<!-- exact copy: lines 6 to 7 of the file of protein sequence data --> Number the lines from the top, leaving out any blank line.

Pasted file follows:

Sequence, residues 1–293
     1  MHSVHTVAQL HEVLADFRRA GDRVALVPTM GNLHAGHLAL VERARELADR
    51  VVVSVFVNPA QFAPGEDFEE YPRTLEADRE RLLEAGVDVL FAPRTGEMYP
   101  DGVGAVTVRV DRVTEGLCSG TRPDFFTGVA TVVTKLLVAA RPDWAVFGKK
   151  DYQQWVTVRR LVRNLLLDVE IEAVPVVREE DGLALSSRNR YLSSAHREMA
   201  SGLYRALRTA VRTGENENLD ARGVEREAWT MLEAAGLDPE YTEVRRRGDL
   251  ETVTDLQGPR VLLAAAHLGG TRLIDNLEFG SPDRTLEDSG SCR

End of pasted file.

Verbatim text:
   201  SGLYRALRTA VRTGENENLD ARGVEREAWT MLEAAGLDPE YTEVRRRGDL
   251  ETVTDLQGPR VLLAAAHLGG TRLIDNLEFG SPDRTLEDSG SCR